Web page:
Credo – The hidden path of Breda was developed by the Breda Heritage Days last year on behalf of the municipality. Since the annual day could not go ahead due to the corona crisis, this became the alternative.
Participation is easy and free. By entering an email address, we gain access to the website where Credo’s story is explained. The goal: using riddles and puzzles to find passwords that lead to the title deed of the Grote Kerk hidden hundreds of years ago.
Annelies Diks-Krijgsman and Lidwien Hupkens came up with the game that can be played online and offline. The treasure hunt is the alternative to tell people the stories about Breda and the monuments.
“Of course also in the hope that participants will look at the city in a different way. That by experiencing the monuments in a different way and discovering the stories, they will also love those monuments and commit themselves to conservation ”, says Diks-Krijgsman. “There are so many stories to tell about Breda.”
Time to find out! An introductory video introduces us to two orders, one progressive, the other conservative. Both have posted passwords across town that eventually lead to a sentence that gives access to the hidden deed.
We start with an image of a parchment card with the alphabet and below it a series of letters. By extracting it, we find the start of the tour. We have to be at the back of the Chassé promenade. Look, this will take you straight to a place that you would soon skip, but which is certainly interesting.
The Chassé promenade.
Ⓒ Sigrid Stamkot
The Chassé theater is named after army officer David Hendrik Chassé, general during the Battle of Waterloo, we learn. Designer Herman Hertzberger took the picture for this purpose The sleeping woman from the Italian artist Giacometti as inspiration. That explains the striking round shapes.
The modern architecture is a stark contrast to the Cloister Barracks located right next door, a former nunnery that now houses a casino. In this square we have to look for a secret text. We look around hesitantly: the square is quite large, with new buildings in the distance. That will be searching! Although we get hints when we ask: we have to follow the lines in the stones of the square. Indeed: there the first password awaits us, which we type in expectantly. It’s good too!
The next assignment is quite difficult, but it gives us time to study the Monastery Barracks. The old photo on display, including nuns in the foreground, takes us back in time for a moment. Apart from the chapel, the residence of the nuns of St. Catherine’s Valley burned down in 1534 during a large city fire that hit Breda.
With a little help – if you can’t figure it out, you can ask for hints and if it really doesn’t work, you can activate the Facebook messenger – we will be redirected to the next location: the Stadserf. Hidden in the heart of the city center is the Council Chamber of Breda, with the statue of the peat skipper Adriaan van Bergen from Leur in front of it. In 1590 he helped to conquer Breda with his peat ship in which 72 soldiers were hidden. Once again we have to look for a password that will be typed in and approved again.
In this way we progress steadily through the city, which is deserted on this beautiful day. The sun is shining brightly; this weather is crying out for a cold beer on the terrace, but unfortunately. Then an ice cream at Toetie Froetie on the corner of the Grote Markt, with a view of that building that everyone knows: the Grote or Onze-Lieve-Vrouwekerk.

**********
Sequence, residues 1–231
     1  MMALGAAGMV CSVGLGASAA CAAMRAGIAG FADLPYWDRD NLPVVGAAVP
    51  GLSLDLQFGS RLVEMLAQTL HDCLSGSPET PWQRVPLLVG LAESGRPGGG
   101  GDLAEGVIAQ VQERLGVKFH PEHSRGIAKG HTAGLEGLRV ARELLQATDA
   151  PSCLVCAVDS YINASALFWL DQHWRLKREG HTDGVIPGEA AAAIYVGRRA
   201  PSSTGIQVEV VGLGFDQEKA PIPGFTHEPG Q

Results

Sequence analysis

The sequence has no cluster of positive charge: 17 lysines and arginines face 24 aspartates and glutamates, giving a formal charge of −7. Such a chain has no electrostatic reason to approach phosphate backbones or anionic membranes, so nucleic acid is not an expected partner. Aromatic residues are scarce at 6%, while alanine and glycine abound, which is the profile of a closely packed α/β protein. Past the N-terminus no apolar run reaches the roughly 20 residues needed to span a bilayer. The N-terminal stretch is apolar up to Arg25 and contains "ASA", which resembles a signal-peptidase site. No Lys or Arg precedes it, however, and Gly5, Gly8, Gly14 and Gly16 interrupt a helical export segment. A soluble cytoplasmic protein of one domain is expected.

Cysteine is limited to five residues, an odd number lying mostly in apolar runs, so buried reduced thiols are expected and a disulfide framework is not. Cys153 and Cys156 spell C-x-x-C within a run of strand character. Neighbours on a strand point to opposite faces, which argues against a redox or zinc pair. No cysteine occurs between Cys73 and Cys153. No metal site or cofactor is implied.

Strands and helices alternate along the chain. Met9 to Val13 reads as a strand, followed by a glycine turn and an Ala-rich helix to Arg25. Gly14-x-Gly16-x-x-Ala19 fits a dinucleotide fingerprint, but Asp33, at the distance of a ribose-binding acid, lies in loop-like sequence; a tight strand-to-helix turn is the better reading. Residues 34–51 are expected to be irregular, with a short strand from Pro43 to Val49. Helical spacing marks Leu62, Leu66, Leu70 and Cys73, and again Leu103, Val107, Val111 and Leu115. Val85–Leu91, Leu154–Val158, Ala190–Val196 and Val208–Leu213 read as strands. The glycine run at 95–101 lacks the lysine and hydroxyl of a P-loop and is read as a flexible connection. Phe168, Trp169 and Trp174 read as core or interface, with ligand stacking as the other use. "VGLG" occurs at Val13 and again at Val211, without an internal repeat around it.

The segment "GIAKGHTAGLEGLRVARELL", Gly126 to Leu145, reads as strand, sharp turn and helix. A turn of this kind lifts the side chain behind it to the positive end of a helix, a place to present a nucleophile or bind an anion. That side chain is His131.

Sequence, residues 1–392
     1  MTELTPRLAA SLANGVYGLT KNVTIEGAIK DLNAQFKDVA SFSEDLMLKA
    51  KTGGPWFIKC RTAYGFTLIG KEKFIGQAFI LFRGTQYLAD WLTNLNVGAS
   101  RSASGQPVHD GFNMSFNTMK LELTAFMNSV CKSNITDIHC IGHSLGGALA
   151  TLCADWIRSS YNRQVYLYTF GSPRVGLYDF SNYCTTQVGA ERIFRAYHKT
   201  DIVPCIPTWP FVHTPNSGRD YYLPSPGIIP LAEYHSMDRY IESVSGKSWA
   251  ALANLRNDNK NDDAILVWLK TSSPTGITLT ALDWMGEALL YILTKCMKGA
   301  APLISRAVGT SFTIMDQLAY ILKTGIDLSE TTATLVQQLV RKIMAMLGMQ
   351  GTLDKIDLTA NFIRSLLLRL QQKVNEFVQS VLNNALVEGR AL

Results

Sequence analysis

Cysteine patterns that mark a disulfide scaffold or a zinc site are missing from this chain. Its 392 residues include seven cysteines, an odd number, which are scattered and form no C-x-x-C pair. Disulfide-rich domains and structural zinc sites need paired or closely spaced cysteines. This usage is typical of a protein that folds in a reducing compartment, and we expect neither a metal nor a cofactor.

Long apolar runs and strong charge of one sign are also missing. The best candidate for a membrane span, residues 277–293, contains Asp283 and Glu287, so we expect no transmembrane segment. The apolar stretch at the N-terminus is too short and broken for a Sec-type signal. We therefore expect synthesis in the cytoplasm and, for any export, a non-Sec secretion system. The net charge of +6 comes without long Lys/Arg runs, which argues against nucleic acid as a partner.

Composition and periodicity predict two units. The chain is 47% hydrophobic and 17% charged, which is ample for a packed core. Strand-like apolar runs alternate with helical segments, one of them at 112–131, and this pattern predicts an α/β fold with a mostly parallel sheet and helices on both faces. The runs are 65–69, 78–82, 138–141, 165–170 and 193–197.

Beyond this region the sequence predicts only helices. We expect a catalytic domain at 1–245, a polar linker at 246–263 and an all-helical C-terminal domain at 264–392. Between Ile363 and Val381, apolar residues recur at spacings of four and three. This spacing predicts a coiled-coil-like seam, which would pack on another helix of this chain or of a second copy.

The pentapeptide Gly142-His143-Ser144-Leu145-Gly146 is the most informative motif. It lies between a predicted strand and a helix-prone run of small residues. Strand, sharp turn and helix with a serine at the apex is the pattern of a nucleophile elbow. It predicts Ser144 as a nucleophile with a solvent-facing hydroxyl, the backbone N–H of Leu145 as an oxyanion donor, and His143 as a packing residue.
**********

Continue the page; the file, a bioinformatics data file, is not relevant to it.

Partly in scaffolding, but the white of the Brabantine Gothic basilica with its 97 meter high tower contrasts beautifully with the clear blue sky. We understand that this church is called the most beautiful in the Netherlands and is in the top 100 of the National Agency for the Preservation of Monuments.
In the meantime, we peek inside the Begijnhof, a quiet place where the residents sit comfortably in front of the old houses, a total of 29. The courtyard is covered with vegetable gardens, the old chapel is bathed in sun. It borders the Valkenberg Park, which is inviting with the emerging crocuses. Others agree: here and there (and neatly from a distance) residents sit in the grass. There is a pond with a fountain, there are works of art and remnants of old defense towers and the chickens scratch through the grass.
Close to the gate we will look for another password that is not easy to find. It must be a striking sight: we searching and searching along the edge of the park, almost on our knees to see if something seems hidden in the paving stones, the telephone in our hand. The scavenger hunt takes about 2.5 hours, but make it a day if the weather and the crowds permit.
We will of course not disclose all places, passwords and directions. We note one last monument: the Spanjaardsgat, a water gate between the Granaattoren and the Duiventoren of the Castle of Breda, which is also a nice stop. You can also rent boats from the harbor to explore the area.
The Spanjaardsgat was built under the direction of engineer Abraham van Nievelt, on behalf of Prince Philip William of Orange, the eldest son of William of Orange. The city is the cradle of the Oranges in the Netherlands, which you see everywhere. The prince also appears on a statue in the middle of the city.
City escapegame Credo gave us a nice afternoon. Do think carefully, pay attention and search and keep the helpline at hand. For those who are less known in Breda, it is also a way to discover new places and gain more knowledge. Mission accomplished.
Weekly everything about lifestyle, travel, culinary and living.
Invalid email address. Please fill in again.